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Welcome to the WeevilTrak℠ blog, offering you updates about annual bluegrass weevil (ABW) from industry leading researchers. This blog will provide you with timely ABW activity across the north east as well as advice on scouting and controlling them using the Optimum Control Strategy.

Latest Posts

Mid-Atlantic Report: Shifting Focus

We've reached the point in the season in the mid-Atlantic when we tend to see more of the damage associated with annual bluegrass weevil larvae feeding shift from poa annua to creeping bentgrass.

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All quiet on the western front

The last week of May was a very busy time in North Carolina in terms of ABW management. At both northern and southern sites, adult and larval numbers increased to levels beyond what we observed in 2015 and 2016. Since then, ABW numbers at all sites have decreased and we have not seen much evidence either in terms of damage or soap flush counts in the last four weeks to indicate any increase in adult activity.

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June ABW Update for Southern New England

Many of the golf courses in southern New England are approaching the end of the first generation. Samples we received this week from our WeevilTrak sites were dominated by large larvae, prepupae and pupae. We even saw a few "callow" adults. This means the worst of the damage should be over for now for many of the superintendents in southern New England

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First Generation Weevil Update from Northern New England

It's June 21st and the first generation of ABW is over for many courses.Overall, those that followed the WeevilTrak program had good results controlling the overwintering adults and first generation larvae.

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ABW spring generation close to complete in central and northern NJ

In central New Jersey, annual bluegrass weevil (ABW) populations should be primarily in the pupa stage and/or the teneral (new, still reddish) adult stage. At Pine Brook golf club, I expect new adults to start to appear on the surface this week with spring generation adults likely to peak over the next two weeks.

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Is the worst over?

We are nearing the end of the 1st generation larvae in many locations between Ohio and central Pennsylvania. ABW damage was very apparent during the week of June 5th in our untreated turf areas at Bucknell University (central PA) and Fox Chapel (western PA). I was very concerned that damage would be exacerbated during this last week (June 12th) as temperatures hit the mid 90s for several days. However, this was not the case.

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First Round of Damage: Observations and What We Learned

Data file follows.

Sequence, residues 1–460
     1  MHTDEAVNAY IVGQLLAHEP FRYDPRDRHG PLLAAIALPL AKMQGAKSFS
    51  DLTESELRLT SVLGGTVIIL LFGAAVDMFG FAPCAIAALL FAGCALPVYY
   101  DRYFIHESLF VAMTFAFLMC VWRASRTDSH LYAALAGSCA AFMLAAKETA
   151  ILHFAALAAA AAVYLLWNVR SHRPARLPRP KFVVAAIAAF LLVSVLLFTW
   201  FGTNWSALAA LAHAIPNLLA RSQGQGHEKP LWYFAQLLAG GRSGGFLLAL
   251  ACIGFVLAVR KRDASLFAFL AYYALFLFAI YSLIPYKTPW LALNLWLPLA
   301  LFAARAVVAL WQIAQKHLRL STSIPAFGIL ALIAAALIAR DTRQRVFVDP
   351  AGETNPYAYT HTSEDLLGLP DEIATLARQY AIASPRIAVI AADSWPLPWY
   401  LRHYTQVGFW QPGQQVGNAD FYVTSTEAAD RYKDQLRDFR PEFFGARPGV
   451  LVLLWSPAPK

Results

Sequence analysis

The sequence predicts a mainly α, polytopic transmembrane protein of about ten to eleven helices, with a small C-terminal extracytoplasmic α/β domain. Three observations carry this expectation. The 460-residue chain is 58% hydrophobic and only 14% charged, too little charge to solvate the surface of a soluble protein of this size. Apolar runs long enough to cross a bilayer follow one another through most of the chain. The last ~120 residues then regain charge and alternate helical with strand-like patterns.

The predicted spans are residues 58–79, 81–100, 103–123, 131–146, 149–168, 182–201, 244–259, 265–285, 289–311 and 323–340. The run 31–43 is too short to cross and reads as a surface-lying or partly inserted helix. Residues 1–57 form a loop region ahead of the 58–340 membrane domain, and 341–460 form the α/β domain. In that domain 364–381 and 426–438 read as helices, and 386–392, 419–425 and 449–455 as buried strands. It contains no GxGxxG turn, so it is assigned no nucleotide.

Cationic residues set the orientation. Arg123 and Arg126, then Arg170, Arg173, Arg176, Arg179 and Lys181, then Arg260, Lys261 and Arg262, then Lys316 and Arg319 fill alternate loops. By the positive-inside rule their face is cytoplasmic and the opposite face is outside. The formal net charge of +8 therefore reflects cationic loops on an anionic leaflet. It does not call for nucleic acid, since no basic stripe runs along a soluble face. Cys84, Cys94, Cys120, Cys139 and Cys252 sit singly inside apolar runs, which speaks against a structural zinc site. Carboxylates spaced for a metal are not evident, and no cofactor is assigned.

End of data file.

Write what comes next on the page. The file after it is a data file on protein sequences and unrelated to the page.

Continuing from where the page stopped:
Let me start this blog by saying that the annual bluegrass weevil continues to give us a roller coaster ride and not one year is the same. Currently in the Philadelphia and central to southern New Jersey areas we are starting to see the emergence of adults back into the turfgrass surface along with some lingering callow adults and pupae. Even if you had no damage from the over wintered adult cycle, continue to scout.

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Calm Before the Storm – Mid-Atlantic Update

As we lead into the unofficial start of summer here in the Mid-Atlantic, we are now having the occasional cool/cold day mixed in amongst predominately warmer days. As expected, that won't last long and we are set for a ramp up into the low-mid 90's over the weekend and into next week. After a fast start, what has been otherwise dragging out with regard to ABW development will likely be put into high gear next week.

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May ABW Update: PA and Southern NJ

We started to find consistent densities of annual bluegrass weevil (ABW) larvae in untreated check plots throughout Southeastern Pennsylvania and Southern New Jersey early in the week of May 15th. Visual ABW damage has been slowed by adequate soil moisture in most locations of the Mid-Atlantic region. All of the damage I have observed, to date this year, has been on annual bluegrass.

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ABW Development Update: North Carolina

Although the weather has continued to throw us for a loop, particularly in northern North Carolina, temperatures have consistently stayed in the 60s or higher the last few weeks. Despite the occasional snow flurry, soil temperatures remain in the 60s, which is the most important temperature for weevil development and activity. As a result, bizarre fluctuations in weather have not had too much of an impact on weevil populations.

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